Each project leader should have a Personal Development Plan (PDP) that is reviewed periodically. The PDP identifies specific assignments that broaden and deepen experience, such as serving on a Peer Review of another project, as well as internal and external courses.

Caution is given to companies who elect to use Project Director positions as a “check-the-box” assignment for rising executives. While the individual may benefit from the experience, a significant capital investment is placed at risk. This can be somewhat mitigated by assigning a number of strong project engineers and seasoned project managers to the team.

The Role of the Current Capital Project Leaders
Another important building block in project leader development is mentoring. The mentor-apprentice relationship is a basic, time-honored approach to assuring succession planning into any leadership position.

Organizations must ask themselves, “Does our culture and expectations of leaders reinforce this relationship?” Demands on leaders to meet business and project performance goals will overshadow investment of personal time in mentoring and coaching, unless such expectations are explicitly set and given priority.

Situations that stretch project leaders such as crisis management, team member turnover, and scope expansion introduce both opportunity and risk. Although often ignored or poorly addressed, organization risk management is a key element of project execution. One clear path of progression is from project engineer positions with increased breadth of scope to deputy project managers and project managers of small to mid-range capital projects (<$500 million). This can be reinforced by having current project leaders develop project-specific succession plans for capital project leaders and putting into place active development plans using the current project environment to exercise them. These plans can be a collaborative and transparent effort between the mentor and apprentice; which in itself builds an individual’s engagement, hence satisfaction and performance improvement.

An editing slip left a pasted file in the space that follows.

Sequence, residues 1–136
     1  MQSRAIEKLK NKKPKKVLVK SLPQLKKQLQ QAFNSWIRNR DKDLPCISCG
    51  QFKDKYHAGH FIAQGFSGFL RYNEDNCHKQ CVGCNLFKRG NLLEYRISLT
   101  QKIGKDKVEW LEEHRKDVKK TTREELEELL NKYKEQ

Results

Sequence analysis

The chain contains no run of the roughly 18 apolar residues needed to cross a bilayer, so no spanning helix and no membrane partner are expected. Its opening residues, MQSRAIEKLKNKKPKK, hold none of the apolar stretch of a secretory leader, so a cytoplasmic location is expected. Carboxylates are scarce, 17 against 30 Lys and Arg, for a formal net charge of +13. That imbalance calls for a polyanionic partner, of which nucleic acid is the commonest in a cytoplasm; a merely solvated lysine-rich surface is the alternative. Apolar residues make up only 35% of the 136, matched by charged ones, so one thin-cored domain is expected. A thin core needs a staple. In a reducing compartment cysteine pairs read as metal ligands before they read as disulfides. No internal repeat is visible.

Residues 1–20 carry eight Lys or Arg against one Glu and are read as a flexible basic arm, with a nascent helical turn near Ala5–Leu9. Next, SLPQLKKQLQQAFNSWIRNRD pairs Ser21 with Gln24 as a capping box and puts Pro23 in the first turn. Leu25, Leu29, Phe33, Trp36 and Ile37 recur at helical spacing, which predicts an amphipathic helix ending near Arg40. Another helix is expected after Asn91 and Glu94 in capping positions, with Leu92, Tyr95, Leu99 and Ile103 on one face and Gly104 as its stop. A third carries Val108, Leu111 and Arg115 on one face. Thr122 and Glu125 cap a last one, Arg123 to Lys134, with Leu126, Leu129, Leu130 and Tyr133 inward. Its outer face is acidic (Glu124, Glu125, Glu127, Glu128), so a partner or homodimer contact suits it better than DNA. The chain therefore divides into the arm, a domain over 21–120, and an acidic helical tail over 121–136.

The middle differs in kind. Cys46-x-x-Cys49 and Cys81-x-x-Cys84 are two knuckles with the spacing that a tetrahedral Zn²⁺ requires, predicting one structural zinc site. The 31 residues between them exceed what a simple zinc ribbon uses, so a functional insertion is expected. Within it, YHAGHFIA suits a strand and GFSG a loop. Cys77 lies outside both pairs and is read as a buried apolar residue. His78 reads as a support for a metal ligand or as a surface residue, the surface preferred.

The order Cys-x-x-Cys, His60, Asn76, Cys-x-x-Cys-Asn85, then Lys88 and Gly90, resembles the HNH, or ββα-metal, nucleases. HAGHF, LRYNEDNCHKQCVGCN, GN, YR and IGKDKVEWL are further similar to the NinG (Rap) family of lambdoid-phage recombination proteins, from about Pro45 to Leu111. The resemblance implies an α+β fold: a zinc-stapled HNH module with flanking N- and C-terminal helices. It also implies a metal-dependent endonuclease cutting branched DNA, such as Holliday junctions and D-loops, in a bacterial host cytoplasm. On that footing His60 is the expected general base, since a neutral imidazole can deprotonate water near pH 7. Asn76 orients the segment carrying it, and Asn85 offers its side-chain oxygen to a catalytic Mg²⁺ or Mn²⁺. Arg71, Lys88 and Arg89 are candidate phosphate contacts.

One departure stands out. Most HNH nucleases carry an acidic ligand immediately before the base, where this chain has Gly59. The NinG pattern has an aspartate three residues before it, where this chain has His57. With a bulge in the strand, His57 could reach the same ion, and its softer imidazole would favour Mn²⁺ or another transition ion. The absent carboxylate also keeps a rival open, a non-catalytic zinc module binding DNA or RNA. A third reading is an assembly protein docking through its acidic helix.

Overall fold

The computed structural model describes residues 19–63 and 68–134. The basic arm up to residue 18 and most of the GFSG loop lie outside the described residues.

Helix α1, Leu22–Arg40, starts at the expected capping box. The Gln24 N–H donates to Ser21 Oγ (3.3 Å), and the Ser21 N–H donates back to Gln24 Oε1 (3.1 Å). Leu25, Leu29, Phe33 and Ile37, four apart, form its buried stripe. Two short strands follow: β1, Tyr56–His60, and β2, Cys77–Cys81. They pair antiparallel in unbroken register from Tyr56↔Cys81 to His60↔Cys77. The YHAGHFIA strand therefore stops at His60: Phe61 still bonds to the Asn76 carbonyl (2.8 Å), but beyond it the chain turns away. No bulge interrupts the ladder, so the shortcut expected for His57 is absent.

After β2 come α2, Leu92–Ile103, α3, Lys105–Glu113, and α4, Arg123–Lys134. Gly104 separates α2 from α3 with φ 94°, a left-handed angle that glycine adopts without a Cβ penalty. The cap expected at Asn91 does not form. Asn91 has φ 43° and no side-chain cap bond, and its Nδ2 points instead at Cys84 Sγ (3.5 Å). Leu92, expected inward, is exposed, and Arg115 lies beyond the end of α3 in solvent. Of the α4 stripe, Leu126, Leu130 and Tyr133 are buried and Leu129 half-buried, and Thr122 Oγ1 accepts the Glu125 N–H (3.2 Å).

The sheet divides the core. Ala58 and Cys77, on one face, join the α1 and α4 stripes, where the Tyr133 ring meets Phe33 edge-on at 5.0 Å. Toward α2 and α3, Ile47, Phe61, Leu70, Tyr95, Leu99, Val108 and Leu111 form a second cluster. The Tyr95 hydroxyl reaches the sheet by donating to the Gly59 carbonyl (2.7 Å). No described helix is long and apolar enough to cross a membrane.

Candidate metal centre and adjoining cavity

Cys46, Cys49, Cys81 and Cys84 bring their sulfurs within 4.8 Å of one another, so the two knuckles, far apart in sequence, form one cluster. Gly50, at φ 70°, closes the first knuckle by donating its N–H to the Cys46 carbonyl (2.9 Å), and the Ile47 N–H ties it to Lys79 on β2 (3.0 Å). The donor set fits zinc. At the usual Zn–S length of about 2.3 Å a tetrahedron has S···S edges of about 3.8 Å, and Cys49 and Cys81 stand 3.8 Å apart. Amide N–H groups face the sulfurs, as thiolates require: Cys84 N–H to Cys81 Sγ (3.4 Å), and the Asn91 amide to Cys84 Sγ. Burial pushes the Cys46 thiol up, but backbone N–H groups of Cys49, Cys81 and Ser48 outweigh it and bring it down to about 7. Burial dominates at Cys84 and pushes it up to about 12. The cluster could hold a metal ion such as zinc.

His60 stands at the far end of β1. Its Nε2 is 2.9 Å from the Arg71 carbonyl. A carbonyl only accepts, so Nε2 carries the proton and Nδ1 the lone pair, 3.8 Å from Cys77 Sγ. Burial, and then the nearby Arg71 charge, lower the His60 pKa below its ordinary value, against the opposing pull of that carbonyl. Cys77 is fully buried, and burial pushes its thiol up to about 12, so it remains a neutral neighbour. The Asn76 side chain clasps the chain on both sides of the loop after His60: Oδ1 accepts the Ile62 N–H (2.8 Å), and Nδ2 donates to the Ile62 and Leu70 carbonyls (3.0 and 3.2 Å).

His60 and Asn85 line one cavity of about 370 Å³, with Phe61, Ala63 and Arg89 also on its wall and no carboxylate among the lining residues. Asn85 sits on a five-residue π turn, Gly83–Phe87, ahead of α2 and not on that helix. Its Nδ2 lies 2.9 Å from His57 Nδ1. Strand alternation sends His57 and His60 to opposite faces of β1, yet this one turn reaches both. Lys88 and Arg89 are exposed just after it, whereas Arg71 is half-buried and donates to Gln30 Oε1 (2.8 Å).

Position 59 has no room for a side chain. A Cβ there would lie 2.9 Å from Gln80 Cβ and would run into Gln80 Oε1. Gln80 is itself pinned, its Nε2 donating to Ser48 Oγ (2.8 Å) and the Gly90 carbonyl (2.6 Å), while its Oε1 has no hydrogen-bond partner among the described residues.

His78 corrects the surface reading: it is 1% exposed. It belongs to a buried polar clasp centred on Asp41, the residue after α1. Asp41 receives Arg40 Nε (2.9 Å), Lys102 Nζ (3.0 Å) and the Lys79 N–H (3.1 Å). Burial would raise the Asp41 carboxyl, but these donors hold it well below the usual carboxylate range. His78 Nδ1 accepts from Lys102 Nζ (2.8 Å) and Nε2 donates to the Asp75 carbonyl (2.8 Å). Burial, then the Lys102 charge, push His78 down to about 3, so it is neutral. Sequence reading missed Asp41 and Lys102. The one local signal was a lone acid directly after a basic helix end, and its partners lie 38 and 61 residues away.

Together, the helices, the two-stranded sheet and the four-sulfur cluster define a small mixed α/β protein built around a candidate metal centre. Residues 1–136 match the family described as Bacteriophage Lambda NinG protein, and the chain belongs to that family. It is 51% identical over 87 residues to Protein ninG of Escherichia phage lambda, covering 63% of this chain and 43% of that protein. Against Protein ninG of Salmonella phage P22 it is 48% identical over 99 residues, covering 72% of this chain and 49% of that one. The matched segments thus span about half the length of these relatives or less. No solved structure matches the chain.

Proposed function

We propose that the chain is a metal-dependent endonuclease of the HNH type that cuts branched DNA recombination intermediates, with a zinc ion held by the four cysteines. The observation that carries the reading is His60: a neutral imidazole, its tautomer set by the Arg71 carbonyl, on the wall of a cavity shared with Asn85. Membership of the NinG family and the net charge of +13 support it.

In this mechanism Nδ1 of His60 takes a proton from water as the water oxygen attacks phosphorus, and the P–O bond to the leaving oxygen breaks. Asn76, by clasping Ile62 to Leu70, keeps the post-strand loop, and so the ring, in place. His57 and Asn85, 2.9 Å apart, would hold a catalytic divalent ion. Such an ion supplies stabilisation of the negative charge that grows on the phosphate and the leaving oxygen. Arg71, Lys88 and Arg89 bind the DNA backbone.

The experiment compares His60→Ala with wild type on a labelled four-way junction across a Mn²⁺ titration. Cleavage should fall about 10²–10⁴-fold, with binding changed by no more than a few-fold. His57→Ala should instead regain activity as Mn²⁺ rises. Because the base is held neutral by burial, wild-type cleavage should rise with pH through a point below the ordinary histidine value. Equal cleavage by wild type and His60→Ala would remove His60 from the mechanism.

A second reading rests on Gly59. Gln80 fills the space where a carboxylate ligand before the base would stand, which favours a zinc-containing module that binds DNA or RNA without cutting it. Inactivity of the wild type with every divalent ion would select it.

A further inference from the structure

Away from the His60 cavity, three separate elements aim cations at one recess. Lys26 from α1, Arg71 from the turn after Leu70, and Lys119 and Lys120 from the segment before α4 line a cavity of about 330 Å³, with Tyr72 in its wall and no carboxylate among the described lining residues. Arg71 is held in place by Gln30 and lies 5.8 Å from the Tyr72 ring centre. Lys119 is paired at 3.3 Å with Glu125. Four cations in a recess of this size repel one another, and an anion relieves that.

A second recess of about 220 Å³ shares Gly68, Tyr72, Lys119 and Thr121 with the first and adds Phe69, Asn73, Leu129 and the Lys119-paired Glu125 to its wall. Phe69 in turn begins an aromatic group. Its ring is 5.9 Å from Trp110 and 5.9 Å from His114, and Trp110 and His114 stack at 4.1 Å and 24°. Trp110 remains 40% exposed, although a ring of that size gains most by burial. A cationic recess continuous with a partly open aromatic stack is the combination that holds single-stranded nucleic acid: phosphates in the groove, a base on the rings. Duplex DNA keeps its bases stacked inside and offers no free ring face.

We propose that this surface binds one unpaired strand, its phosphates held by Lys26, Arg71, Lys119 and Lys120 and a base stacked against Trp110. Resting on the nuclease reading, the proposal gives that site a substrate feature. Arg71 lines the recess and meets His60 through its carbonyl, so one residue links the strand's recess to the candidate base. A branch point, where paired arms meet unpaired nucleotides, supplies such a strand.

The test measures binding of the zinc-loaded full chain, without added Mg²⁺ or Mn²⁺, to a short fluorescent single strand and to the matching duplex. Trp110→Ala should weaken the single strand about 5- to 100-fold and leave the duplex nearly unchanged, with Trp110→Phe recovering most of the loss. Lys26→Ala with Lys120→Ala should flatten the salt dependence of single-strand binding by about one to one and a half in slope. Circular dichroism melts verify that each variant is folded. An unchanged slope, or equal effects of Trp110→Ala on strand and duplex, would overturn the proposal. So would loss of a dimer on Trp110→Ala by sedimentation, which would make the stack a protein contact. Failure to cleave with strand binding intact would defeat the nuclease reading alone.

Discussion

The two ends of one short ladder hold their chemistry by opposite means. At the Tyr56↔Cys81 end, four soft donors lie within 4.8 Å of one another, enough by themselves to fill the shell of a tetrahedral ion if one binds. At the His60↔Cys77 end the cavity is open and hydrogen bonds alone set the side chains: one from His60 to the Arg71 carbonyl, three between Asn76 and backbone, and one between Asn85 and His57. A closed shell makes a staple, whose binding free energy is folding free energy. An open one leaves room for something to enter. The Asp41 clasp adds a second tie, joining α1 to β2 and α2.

Granted this “home-grown” approach is challenged by the current compensation models that do not offer incentive for individuals to maintain an allegiance to any one company. More common are the seekers who “follow the money” building careers across an industry sector. Granted this too has advantages in divergent perspectives and learnings.

There are several levers that must be exercised to drive early yet sustainable quality of Capital Project Leaders. The top down approach as outlined in the 10 framework elements are complemented by a basic leadership culture of “leaders cultivating new leaders”. So when your organization, group, or team considers their performance improvement plans, raise to the top a plan addressing quality of project leadership.

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Tim Swenk

Executive Vice President – Capital Projects Effectiveness Team Lead

Tim Swenk has over 40 years of comprehensive experience in the engineering and construction industry. As a member of multi-cultural teams, Tim has a keen appreciation of development of organizations and people through active involvement in the enterprise project management work process…